Goodbye Hawaii

by Nora on April 25, 2008

Every trip has its trials. Every adventure its ups and downs. Every crisis an advantage, and every blessing a price.

Here in Hawaii we’ve learned just that.

 

Popai

On the other side of this island, we arrived in Hawaii and found ourselves in a rainforest and lava paradise. We learned the art of permaculture, and living in an ecologically sustainable manner. We learned to eat well, discovered so many amazing foods, and got in shape. Kelly lost 30 pounds without even trying, and I – well, not so much.

I learned how to milk goats, we both learned the art of hitch hiking, and we enjoyed the spectacular waves in our little paradise.

We became acquainted with the modern hippie life, and learned to just let go and dance like no one is watching.

 

But.

We were incredibly remote. Incredibly. Being reliant on nothing but solar power and with constant rain for over a month, the wet hikes into town for internet connections wore us down pretty quickly.

Couple that with centipede bites (two attacks in our first two weeks, I might add!), enduring overt acts of racism, and a few other challenges, we couldn’t go on living there.

 

What will we remember at the end of it all? Lots of things. Good things. In fact, not more than a week after we left Popai, we found ourselves reminiscing about some of the things we missed. We continue to reminisce, and relive some of the great memories.

 

Onwards and upwards.

 

 

Kona

In search of some sunshine and a little more convenience, we settled in at a hostel in Kona, working in trade for our accommodation and other perks. We certainly enjoyed lots of sunshine, beach time, and I got a chance to test my artistic side with some murals which I painted right on the building and other fixtures. My most ambitious piece wraps around the front corner of the building, spanning over 8 feet wide by 4 feet high. What a way to leave a mark!

 

 

 

 

 

 

Some of the latest pieces of artwork I was so lucky to do…

 

 

 

 

We met some amazing people and have increased our network of friends around the world, and I even conquered a fear or two.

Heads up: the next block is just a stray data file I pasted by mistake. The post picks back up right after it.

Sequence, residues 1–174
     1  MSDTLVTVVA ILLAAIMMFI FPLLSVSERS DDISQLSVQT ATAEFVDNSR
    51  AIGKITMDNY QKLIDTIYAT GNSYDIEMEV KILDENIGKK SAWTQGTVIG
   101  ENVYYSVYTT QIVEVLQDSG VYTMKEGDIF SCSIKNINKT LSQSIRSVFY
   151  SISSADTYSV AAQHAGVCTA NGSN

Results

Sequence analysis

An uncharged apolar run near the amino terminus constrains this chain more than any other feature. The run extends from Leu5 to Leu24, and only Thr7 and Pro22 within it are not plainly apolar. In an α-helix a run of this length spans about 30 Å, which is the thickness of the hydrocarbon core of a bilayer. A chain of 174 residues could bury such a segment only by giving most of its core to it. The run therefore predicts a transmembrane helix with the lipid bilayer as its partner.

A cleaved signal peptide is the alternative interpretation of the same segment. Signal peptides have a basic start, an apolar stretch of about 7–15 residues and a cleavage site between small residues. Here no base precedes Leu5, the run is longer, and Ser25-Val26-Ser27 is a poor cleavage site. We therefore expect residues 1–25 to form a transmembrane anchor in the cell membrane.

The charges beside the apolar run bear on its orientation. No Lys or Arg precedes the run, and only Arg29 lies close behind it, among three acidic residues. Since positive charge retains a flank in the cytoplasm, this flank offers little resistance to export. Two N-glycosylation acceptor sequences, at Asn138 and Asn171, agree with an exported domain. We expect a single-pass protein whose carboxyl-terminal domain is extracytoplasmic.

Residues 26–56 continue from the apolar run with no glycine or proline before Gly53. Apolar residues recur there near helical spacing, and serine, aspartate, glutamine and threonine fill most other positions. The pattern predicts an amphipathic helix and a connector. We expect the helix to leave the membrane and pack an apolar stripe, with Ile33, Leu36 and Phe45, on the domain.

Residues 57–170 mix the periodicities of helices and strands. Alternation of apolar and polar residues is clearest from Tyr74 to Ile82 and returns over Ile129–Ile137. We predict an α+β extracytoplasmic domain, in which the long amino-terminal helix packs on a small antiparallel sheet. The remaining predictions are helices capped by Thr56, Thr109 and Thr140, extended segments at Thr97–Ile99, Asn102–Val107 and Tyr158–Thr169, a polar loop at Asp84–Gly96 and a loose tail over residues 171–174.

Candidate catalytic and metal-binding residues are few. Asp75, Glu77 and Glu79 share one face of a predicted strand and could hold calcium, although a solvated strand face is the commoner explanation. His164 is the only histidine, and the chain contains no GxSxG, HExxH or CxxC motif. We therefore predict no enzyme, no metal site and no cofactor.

But.

We experienced a mild culture (and environmental) shock in coming here from where we were staying. We observed all too clearly the abysmal animal rights situation in Hawaii. I got a black eye, and we both contracted a rare neurological disease!

And saddest of all, we discovered that the Aloha is gone from Hawaii.

 

What will we remember at the end of it all? Again, lots of things, and good things at that.

 

As we wrap up our lives here in Hawaii, we continue to reminisce and relive our experiences here. We expect to continue learning and growing from this place long after we are gone.

 

Onwards and Upwards.

 

Goodbye, Hawaii. We don’t know if we will grace your shores again, but in our memories we will regularly swim in your warm waters, bask in your sunshine, and explore your vast and beautiful land.

 

 

 

{ 3 comments… read them below or add one }

1 zero May 5, 2008 at 10:14 am

Truth is, if I had to raise a family or “settle down” in the US, it would be in Hawaii….damn, I hope it never comes to that (“settling down”)…..I would much rather keep running down that road of life, with the lessons learned from Hawaii, and all the other places I’ve been and will be, to show along the way….keep on blogging!

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2 Paul Caridad Sanchez November 9, 2011 at 1:23 am

Your post made me yern for Halawa Valley on Molokai. I just found this documentary about Molokai posted on vimeo:
http://vimeo.com/9050517

Thanks for sharing your stories!

Paul
Twitter.com/wherespaul

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3 theprofessionalhobo November 9, 2011 at 11:39 am

@Paul – I haven’t been to Molokai, but I’d like to return to Hawaii….maybe next time!

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